Changing Gears is collecting stories about how people are planning ahead in a tough economy, and we’d like your help. What’s on your mind as you plan for what comes next?
Tax forms shelved at a US Post Office. Credit: stevendepolo / Flikr
You can follow this link to share your thoughts.
We want to hear from you – whether you’re planning for retirement, saving for a home, sending kids to college, or just starting a career. If you’re retired, have you had to make some adjustments?
Are things different from what you expected? Tell us what kinds of choices you’re making.
Say Akron, Ohio, and the first thought that still comes to mind for a lot of people is “tires.” But the latest news in the tire making world comes from South Carolina.
Michelin, the French tire maker, will launch construction next week in Anderson County, S.C., on its first new North American tire plant in 15 years, according to the Wall Street Journal.
The plant will make those heavy duty tires used on mining and road building equipment.
Michelin also is expanding a nearby plant in Lexington, S.C., which produces tires for earthmoving equipment.
That’s not all. Two other tire makers — Bridgestone and Continental — also have announced new ventures in South Carolina. All the projects could end up helping Midwest companies. How? Continue reading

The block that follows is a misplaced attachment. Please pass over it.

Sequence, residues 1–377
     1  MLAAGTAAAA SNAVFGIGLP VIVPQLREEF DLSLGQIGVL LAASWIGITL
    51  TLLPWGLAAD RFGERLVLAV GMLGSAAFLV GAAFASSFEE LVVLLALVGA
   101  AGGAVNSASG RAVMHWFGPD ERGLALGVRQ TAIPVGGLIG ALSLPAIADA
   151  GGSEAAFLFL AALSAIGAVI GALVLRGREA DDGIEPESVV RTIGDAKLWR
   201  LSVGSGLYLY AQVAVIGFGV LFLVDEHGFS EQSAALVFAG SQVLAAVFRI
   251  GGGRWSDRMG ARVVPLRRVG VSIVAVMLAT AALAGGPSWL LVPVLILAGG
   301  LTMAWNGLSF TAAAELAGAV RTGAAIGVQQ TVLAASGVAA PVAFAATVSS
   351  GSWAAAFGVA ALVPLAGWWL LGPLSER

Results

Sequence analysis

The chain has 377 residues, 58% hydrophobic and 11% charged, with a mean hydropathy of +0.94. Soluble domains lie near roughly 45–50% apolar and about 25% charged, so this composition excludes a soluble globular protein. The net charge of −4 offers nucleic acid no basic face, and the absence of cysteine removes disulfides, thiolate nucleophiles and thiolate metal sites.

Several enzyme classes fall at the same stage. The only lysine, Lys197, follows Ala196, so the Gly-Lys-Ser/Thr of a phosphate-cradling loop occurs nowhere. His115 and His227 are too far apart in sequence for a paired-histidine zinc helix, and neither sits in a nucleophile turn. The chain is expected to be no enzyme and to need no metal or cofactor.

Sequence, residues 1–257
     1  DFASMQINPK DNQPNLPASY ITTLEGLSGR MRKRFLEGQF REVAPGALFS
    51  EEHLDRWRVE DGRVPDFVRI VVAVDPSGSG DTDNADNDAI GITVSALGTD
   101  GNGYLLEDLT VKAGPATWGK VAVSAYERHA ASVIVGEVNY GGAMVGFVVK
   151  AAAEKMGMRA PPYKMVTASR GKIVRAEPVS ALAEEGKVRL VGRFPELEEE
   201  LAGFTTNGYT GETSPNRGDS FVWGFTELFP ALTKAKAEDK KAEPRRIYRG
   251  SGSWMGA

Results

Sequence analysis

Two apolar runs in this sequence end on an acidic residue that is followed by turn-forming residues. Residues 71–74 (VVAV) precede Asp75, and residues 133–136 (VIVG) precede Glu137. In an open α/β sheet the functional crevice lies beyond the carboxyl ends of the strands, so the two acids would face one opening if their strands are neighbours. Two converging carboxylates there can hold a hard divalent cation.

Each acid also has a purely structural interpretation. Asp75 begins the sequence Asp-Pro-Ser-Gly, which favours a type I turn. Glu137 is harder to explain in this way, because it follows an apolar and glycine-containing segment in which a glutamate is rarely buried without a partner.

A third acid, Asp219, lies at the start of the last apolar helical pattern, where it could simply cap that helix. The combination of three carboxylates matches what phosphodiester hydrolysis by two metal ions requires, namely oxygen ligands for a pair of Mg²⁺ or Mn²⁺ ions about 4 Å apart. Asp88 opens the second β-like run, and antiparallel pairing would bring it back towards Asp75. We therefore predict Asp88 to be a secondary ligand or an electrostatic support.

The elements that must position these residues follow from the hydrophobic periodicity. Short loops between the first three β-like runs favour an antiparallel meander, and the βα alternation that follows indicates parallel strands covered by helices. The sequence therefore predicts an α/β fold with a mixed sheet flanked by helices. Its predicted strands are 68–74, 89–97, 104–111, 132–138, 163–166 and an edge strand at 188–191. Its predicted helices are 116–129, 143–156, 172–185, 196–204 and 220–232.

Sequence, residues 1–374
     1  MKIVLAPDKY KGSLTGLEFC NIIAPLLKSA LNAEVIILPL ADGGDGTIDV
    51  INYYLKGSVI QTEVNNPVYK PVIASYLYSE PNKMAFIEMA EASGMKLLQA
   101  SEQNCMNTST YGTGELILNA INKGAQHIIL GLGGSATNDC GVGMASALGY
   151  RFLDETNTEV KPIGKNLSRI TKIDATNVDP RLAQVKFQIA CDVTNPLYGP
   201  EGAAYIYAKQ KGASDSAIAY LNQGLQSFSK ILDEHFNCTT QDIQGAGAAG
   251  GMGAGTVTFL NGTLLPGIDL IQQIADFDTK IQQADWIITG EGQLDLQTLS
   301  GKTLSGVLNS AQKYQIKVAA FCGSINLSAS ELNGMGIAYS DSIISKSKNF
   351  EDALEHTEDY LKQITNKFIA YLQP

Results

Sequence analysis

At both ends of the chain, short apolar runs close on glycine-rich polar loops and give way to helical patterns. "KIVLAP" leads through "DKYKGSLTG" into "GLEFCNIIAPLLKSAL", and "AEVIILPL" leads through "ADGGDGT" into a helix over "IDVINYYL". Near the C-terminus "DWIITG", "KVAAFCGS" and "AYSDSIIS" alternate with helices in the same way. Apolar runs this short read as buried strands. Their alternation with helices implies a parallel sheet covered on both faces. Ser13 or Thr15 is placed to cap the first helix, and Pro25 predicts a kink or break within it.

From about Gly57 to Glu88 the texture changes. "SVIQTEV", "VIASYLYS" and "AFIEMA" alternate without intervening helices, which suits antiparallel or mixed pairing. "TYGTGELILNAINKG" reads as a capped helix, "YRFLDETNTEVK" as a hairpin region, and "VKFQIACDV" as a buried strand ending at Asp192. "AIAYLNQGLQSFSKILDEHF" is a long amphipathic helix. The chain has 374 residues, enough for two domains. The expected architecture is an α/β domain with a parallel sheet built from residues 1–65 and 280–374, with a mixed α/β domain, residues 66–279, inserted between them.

Jennifer Knightstep was a researcher in the media archives at General Motors until she was laid off in 2008. Her first reaction was fear.
“I panicked for a few minutes, and then I tried to think of what I wanted to do next,” she says. “There’s not a big demand for archivists in Metro Detroit or anywhere else for that matter.”
So instead of trying to get a similar job, Knightstep decided to go in a new direction.
“I thought maybe I should start trying to do what I really wanted to do, which was be a writer.”
When she filed for unemployment, she learned about No Worker Left Behind, a program in Michigan that offered up to $10,000 in tuition for degrees in emerging industries. NWLB was scaled back in 2010 following federal funding cuts.
When most people think about growing fields, freelance writing is not the first job that comes to mind, but Knightstep made it work.
JoAnne Jachyra learned about the Trade Adjustment Assistance (TAA) program when she was laid off from her IT management job in 2009. TAA is a federal program that funds retraining for workers who lose their jobs to international competition.